() () () () () () () ()

Tory peer banks on Lloyds as taxpayer exits

Business & Economy 01 May 2017
Tory peer banks on Lloyds as taxpayer exits

Tory peer Lord Lupton to chair Lloyds unit as ring-fencing looms

The former Tory treasurer will be named this week as the first chairman of Lloyds' non-ring-fenced bank, Sky News learns.

Image: Lord Lupton will be the second Tory peer on the bank's board

By Mark Kleinman, City Editor

A Conservative peer and leading City‎ dealmaker is to join the board of Britain's biggest high street bank – just days before the Government sells the last chunk of its £20.3bn stake in the lender.

Sky News has learnt that Lord Lupton is to become the first chairman of Lloyds Banking Group's non-ring-fenced bank – the division being set up as part of industry reforms aimed at containing the fallout from a future financial crisis.

Lord Lupton, who is the chairman of the investment bank Greenhill Europe and a former Tory treasurer, will also join the main Lloyds board as a non-executive director, according to City sources.

The appointment, which will be announced in the coming days,‎ will represent a crucial piece in the jigsaw of Lloyds' preparations for ring-fencing – the new structural regime due to come into force in 2019.

Lord Lupton, a long-standing Conservative donor, is among the most prominent names in the City, having held roles at Barings before co-founding Greenhill's London operations in 1998.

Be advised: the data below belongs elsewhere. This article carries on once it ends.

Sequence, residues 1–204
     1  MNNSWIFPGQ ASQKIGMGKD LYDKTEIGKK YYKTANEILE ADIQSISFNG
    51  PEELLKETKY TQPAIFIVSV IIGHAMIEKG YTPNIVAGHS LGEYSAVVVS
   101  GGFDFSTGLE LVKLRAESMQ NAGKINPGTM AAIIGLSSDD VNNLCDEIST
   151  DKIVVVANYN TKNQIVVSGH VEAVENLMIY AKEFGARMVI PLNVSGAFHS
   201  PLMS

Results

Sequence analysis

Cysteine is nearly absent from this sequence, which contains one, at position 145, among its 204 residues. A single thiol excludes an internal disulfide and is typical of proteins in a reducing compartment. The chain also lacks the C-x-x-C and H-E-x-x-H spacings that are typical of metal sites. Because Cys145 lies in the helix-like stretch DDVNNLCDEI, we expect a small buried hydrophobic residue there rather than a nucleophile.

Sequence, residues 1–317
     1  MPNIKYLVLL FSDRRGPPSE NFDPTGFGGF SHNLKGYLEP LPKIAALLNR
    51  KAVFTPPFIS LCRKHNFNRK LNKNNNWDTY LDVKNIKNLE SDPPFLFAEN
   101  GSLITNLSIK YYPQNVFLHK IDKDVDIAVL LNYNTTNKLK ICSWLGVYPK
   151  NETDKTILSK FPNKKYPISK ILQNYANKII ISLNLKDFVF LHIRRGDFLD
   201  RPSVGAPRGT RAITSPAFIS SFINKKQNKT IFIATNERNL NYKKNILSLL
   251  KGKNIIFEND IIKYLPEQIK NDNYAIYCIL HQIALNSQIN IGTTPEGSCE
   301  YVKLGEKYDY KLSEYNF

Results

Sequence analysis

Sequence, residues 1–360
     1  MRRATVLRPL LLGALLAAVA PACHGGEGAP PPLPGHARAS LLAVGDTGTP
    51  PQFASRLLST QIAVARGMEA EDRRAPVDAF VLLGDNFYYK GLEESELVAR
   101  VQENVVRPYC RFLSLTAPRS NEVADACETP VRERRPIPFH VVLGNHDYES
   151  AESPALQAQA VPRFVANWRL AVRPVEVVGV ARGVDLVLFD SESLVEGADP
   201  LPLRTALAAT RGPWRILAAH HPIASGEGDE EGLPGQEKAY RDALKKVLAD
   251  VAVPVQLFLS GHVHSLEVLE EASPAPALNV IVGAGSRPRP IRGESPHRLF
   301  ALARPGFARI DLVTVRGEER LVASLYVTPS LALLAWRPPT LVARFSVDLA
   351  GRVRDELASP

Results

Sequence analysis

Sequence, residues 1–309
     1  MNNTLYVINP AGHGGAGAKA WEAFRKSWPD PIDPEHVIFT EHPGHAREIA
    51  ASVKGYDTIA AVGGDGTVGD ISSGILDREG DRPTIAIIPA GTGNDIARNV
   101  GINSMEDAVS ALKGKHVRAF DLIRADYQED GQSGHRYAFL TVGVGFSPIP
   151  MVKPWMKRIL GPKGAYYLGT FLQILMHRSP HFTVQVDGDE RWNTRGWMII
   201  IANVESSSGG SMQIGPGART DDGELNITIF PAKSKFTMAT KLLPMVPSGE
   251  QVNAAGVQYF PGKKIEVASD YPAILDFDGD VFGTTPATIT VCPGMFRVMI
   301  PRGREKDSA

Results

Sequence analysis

His arrival at Halifax-owner Lloyds will also be notable, however, for a number of other reasons.

He will be the second Tory peer on the bank's main board, alongside Lord Blackwell, the pro-Brexit chairman of Lloyds.

And his appointment will be announced just days before the Treasury is expected to hail the full disposal of a taxpayer shareholding in the bank which once stood at 43% of its shares.

Philip Hammond, the Chancellor, said last month that the Government had finally broken even on its stake in Lloyds,‎ recouping more than £20.3bn in share sales and dividends.

Its stake is now down to 0.89%, the company said last week – and the sale of the final remaining shares is likely to take place in the next fortnight, marking a milestone for the UK's post-crisis banking sector.

The non-ring-fenced operations that Lord Lupton will oversee at Lloyds represent a much smaller fraction of its overall balance sheet than those of rivals Barclays, HSBC, Royal Bank of Scotland and Santander UK.

Ring-fencing – a concept devised by Sir John Vickers' Independent Commission on Banking in 2011 – is designed to shield taxpayers and ordinary depositors in the event of a future crisis by creating a clearer separation between groups' retail‎ and wholesale operations.

Last November, Lloyds appointed ‎Mark Grant as the chief executive of its non-ring-fenced bank, which will house some of the derivatives trading and non-UK activities conducted by Lloyds on behalf of clients.

Lloyds' high street banking operations – the vast majority of its business – will sit within its ring-fenced bank.

In recent weeks, Lloyds has also applied for permission to set up a new European hub in Berlin in order to deal with the consequences of Brexit.

Lord Lupton is expected to recruit a number of other independent directors‎ to the non-ring-fenced unit's board.

Barclays – in the form of Sir Ian Cheshire – and HSBC, which recruited Dame Clara Furse, have also turned to established City figures to aid their ring-fencing plans.

Lloyds declined to comment on Monday, while Lord Lupton could not be reached for comment.

Original Article

Comments are closed